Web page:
Barbadillo Pedro Xímenez PX, £13.49 per 75cl bottle; available from independents, including Cambridge Wine Merchants.

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    Wednesday, 2 December 2015

    Four New Zealand Wines From Negociants

    A brace of wines each from New Zealand's Nautilus Estate and Two Paddocks

    Away from generic pungent Marlborough Sauvignon, here are some more-ambitious wines from New Zealand.

    Nautilus Estate Grüner Veltliner 2013 (£17.99) Nautilus' fourth GV vintage; the vines are starting to get some maturity, showing wonderful varietal character; pure, linear and concentrated - a textbook GV.

    Citrus peel, green herbs and lentil, white pepper spice and a pebbly minerality. Very elegant and precise.

    Very Good.

    Nautilus Estate Cuvée Marlborough NV (£21.99) one of NZ's leading sparkling wines; traditional method, aged on less for over 3 years, made from Pinot & Chardonnay; an IWC regional trophy winner this year)

    Expressive ripe orchard fruit, citrussy freshness, a fine mousse and a leesy-yeasty Champagne-esque autolytic brioche character.


    Two Paddocks Picnic Riesling 2014 £17-18 off-dry in style, Central Otago boutique winery owned by actor Sam Neill.

    Classic Riesling nose of kerosine and diesel; stone fruit and gingery spice with lime cordial, pineapple and a persistent minerality. Clean, pure and very adept.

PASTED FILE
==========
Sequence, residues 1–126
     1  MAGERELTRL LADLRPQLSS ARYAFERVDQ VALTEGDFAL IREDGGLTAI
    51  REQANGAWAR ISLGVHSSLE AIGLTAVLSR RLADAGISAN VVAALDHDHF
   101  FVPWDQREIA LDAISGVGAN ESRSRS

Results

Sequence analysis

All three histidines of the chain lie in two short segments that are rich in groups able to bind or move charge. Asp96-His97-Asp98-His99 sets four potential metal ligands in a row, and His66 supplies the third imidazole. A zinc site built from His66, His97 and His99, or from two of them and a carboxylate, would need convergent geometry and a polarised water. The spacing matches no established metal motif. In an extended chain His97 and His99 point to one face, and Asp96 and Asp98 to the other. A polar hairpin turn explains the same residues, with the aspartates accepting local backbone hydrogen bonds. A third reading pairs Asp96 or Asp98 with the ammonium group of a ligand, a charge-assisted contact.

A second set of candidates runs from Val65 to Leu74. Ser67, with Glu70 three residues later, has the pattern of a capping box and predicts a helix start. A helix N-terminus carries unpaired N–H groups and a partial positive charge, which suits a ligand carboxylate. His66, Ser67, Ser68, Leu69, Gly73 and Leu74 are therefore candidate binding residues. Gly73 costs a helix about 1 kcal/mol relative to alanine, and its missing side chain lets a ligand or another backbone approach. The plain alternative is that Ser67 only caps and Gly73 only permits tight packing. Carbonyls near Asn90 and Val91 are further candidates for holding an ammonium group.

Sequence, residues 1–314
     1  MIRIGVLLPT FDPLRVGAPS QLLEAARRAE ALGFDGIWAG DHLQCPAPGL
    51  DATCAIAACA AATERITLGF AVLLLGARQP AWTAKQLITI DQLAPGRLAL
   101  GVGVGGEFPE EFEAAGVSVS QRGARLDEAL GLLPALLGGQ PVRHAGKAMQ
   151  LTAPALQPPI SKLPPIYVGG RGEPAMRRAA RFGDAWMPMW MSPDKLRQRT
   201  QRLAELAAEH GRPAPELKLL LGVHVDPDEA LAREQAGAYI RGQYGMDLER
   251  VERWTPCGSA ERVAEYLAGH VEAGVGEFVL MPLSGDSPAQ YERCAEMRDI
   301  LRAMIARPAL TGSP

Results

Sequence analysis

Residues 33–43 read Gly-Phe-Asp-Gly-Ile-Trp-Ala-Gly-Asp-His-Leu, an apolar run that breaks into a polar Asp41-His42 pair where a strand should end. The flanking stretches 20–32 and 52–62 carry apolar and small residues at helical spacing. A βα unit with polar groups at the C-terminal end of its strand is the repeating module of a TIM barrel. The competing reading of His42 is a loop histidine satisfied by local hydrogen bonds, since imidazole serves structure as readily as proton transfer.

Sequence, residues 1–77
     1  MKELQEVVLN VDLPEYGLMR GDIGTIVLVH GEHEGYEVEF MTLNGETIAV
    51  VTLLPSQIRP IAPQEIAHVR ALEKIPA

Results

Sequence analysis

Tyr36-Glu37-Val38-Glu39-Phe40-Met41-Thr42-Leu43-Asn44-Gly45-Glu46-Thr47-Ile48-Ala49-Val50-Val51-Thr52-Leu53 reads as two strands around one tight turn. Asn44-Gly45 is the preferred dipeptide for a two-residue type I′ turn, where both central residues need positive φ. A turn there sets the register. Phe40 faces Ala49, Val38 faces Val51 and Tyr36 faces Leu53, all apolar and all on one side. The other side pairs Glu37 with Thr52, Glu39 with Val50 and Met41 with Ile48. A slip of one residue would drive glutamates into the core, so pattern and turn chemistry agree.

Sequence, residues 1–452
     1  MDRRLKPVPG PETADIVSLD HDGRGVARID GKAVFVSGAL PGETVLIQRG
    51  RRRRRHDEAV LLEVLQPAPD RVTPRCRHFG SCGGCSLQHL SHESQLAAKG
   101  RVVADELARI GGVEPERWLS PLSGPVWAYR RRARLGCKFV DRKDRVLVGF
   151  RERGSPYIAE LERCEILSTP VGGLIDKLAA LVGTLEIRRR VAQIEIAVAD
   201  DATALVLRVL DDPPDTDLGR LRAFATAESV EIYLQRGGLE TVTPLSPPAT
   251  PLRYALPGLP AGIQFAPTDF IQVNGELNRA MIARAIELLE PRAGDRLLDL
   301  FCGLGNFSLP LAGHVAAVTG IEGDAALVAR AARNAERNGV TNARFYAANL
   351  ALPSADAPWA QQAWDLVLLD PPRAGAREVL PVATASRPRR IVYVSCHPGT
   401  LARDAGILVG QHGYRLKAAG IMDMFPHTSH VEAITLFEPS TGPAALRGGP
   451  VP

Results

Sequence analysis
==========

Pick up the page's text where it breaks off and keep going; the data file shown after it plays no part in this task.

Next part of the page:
Very Good.

    Two Paddocks Picnic Pinot Noir 2013 £24 entry level range from Two Paddocks - blended from fruit sourced from Sam's vineyards in the three sub regions of Central Otago.

    Bright, red-berry fruit, a whiff of farmyard and some savoury oak. Fresh, elegant and supple.


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    Tuesday, 1 December 2015

    Kleine Zalze Sauvignon Blanc 2015

    A Sauvignon from South Africa's Kleine Zalze

    Sauvignon is officially the UK's favourite white grape - this 2015 saffer shows all the expressive aromatics that middle England has come to expect of the variety, but with a sophisticated edge.

    2015 Sauvignon Blanc Cellar Section (£9.90, independents) aromatic cut grass and nettles, a whiff of pungency and ripe, tropical fruit. So far, so textbook well-made New World Sauvignon. Additional interest is provided by the structural complexity, minerally underpinnings and sheer quality of the fruit.


    Match with roast pork, monkfish in herb broth or tuna carpaccio.

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    Friday, 27 November 2015

    Tour de Belfort - Annual Gonville Tasting

    The now-annual tasting of Tour de Belfort at Cambridge's Gonville Hotel

    A year ago, I wrote that I did not know whether the people behind Tour de Belfort's organic wines from South West France were fools or pioneers, they seemed so intent on making life difficult for themselves.

    A year on and not only are the wines better, but they seem to be working things out a bit more - the wonderful oaked Sauvignon Gris and Grand Vin Malbec are now both drinking nicely out of the bottle and no longer need a long spell in the decanter to open up and become harmonious.